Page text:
Hellblazer: The Family Man

FamilyManJohn Constantine. Hellblazer. Hellraiser. Misanthrope, mage and meddler; arch manipulator and much more besides. This trade paperback compiles one of his earlier adventures, a story arc which first spluttered its sleazy self onto the shelves in comic book form back when the 1980s finally expired and a brash new decade strode onto the scene. ‘The Family Man’, as the collection is entitled, is an ideal introduction to the character and his strange, semi-supernatural existence.

There are other anthologies of JC’s initial outings in his own publication, but this is where the enigmatic protagonist truly finds his voice. Writer Jamie Delano really nails the central concepts of Constantine’s character, and drags them – stumbling, wearing a grubby dressing-gown, with a Silk Cut hanging from a lip and eyes like sinkholes in the sand – into the indifferent half-light of an urban afternoon.

‘The Family Man’ is a good place to start because it’s not wall-to-wall demons and beasts of the underworld. Sure, there are supernatural overtones to the story but the heart of the tale is about JC as a gumshoe investigator, on the trail of an all too human evil. This killer shreds the heart from happy families, and typically leaves the bereaved father to endure both the memory of his impotence in the face of violence, and unrelenting future isolation.

JC feels a personal sense of obligation, thanks to a lighthearted little prologue which sets up the grimly gripping hunter/prey tale that follows. The closer JC gets to finding the psychopath, the more he reveals about himself… putting (as usual) his own family and few friends at bitter risk.

Before the inevitably bloody dénouement, the storyline gets put on hold for a few chapters while guest writers take a turn at the helm in some stand-alone episodes. Odd, but that’s what happens in the world of monthly comic books. The Gaiman / McKean chapter is instantly recognisable through the artwork, lettering and use of language – and it’s a solidly spooky little story. So is Grant Morrison’s effort in which a dying industrial town turns to the dark side. The V For Vendetta overtones are obvious in the art, here. Plainly, Vertigo (the publisher) was aiming to draw an audience to Hellblazer using a couple of its big-name authors, and they certainly came up with interesting angles on the normal Constantine themes. But in this compilation you might want to read them right at the very end; treat them as ‘special features’ rather than letting them interrupt the flow of the Family Man narrative.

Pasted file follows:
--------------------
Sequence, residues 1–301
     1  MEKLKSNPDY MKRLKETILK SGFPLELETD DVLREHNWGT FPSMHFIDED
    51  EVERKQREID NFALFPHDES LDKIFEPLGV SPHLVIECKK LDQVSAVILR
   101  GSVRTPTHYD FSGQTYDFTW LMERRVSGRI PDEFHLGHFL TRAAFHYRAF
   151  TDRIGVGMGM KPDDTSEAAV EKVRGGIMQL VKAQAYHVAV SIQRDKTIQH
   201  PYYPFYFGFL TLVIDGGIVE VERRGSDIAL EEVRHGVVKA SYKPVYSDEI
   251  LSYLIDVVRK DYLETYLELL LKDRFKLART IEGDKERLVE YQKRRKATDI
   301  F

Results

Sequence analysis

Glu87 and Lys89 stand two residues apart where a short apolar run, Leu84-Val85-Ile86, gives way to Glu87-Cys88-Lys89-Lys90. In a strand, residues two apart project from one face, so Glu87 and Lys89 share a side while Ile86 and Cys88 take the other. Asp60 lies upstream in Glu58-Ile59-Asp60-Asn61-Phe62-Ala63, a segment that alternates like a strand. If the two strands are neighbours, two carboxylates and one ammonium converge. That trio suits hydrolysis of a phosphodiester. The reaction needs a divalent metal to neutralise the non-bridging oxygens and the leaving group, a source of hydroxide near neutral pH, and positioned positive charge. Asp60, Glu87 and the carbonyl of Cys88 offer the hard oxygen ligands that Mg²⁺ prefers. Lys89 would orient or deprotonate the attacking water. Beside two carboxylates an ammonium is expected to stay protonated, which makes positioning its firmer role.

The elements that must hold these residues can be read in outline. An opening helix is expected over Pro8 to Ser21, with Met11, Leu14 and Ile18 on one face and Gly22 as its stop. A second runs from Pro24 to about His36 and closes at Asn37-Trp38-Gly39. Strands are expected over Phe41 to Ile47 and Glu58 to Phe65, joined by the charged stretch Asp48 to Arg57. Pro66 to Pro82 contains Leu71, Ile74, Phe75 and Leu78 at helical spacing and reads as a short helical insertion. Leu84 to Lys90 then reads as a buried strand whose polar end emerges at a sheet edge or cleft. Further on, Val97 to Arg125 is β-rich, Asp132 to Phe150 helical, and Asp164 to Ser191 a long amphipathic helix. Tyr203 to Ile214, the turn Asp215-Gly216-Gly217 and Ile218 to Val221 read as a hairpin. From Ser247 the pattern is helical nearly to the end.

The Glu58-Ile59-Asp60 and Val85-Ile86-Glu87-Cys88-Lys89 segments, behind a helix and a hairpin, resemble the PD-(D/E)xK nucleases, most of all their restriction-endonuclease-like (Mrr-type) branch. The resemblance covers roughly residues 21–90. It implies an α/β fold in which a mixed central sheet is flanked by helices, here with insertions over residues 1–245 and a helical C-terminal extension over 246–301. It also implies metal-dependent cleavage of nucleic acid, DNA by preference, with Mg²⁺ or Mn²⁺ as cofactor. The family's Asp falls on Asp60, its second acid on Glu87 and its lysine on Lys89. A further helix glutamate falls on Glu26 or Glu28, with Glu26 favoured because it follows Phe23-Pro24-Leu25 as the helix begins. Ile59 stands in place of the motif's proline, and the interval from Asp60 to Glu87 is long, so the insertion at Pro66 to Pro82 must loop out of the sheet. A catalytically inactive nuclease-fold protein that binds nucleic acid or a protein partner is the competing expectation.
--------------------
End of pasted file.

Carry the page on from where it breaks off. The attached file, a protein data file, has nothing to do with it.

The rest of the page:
This edition ends with some of Delano’s own short stories and, after the gruelling tension of the Family Man tale they are very welcome, if hardly light relief. In particular, his disconcerting story of a surreal Sunday is chillingly weird. It purports to offer JC the opportunity to side-step into the gleaming new 1990s and join the yuppie mainstream, or to continue to risk his soul and sanity in confronting life’s stark realities. Bitter-bleak at its core, re-affirming in its honesty.

The best bit (maybe) was saved to last. Published much later in ‘Rare Cuts’, ‘The Gangster, The Whore and The Magician’ is an illustrated, prose short story. And it is beyond elegant in its construction and content, showcasing Constantine at his absinthe-drenched best. Irascible as ever, he mouths off an ill-considered (and utterly ineffectual) curse, playing on his reputation as a creature of considerable power.

Yet when this moment of show-boating comes back to bite him on the ass, JC eschews the uncanny and extracts himself from a sticky predicament using only his street-smarts, sleight of hand, disarming candour and his essential vulnerability. His form of justice exerts the ultimate sanction on the bad guys but is more than merciful to their victims. The story’s resolution suggests the possibility of redemption, even for someone whose soul is as sullied as his own.

If anyone ever tells you that comic-book stories are superficial froth, point them at this collection. If ever there was a moment when a character comes of age it is Constantine in ‘The Family Man’.


Reviewed by Rowena Hoseason

The Family Man is available in a re-issue trade paperback.

(You can also get it as an ebook but we don’t recommend that format: unless you have a simply HUGE screen the artwork loses a lot on a standard tablet or ereader)

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